Circadian regulation of photosynthesis: discovering mechanisms that connect the circadian clock with photosynthesis in chloroplasts in order to understand how circadian and environmental signals optimise photosynthesis and plant productivity.
Institutions: University of Bristol, University of Edinburgh, Chiba University and Tokyo Institute of Technology.
UK Team Leader: Dr Anthony Dodd, University of Bristol
Japan Team Leader: Dr Mitsumasa Hanaoka, Chiba University
“It is my great pleasure that we have received the Daiwa-Adrian Prize with my collaborative partner, Dr Antony Dodd. This award will enable us to further develop the relationship between our two research groups in the UK and Japan.” Dr Hanaoka
Exploration of active functionality in abundant oxide materials utilising unique nanostructure: discovering novel properties in traditional materials and addressing the limited availability of technologically important elements through curiosity-driven research.
Institutions: University College London and Tokyo Institute of Technology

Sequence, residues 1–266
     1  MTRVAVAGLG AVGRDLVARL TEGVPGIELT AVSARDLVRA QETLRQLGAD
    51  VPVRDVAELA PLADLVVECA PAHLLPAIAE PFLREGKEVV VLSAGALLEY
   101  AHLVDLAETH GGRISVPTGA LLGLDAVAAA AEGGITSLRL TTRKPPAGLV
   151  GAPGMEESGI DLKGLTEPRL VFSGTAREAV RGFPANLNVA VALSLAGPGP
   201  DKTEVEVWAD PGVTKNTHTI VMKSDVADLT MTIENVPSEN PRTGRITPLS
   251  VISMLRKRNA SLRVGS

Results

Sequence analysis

UK Team Leader: Professor Alexander Shluger, University College London
Japan Team Leader: Professor Hideo Hosono, Tokyo Institute of Technology
“On behalf of Dr Peter Sushku and myself I would like to thank the Lady Adrian, Sir Peter Williams, Mr Jason James and the Royal Society for this prestigious and generous award acknowledging our long-standing and fruitful collaboration with the colleagues from Tokyo Institute of Technology.
One of the main results of this research and collaboration has been that it facilitated the development and friendship of young researchers in the UK and Japan, which has been recognised by this award. They will carry on this collaboration long after this project. We would like to thank again the Daiwa Foundation for recognizing the potential of this collaboration.” Professor Shluger
Extension of terrestrial radiocarbon age calibration curve using annually laminated sediment core from Lake Suigetsu, Japan – establishing a reliable calibration for radiocarbon dates thus considerably improving the accuracy of the age determination.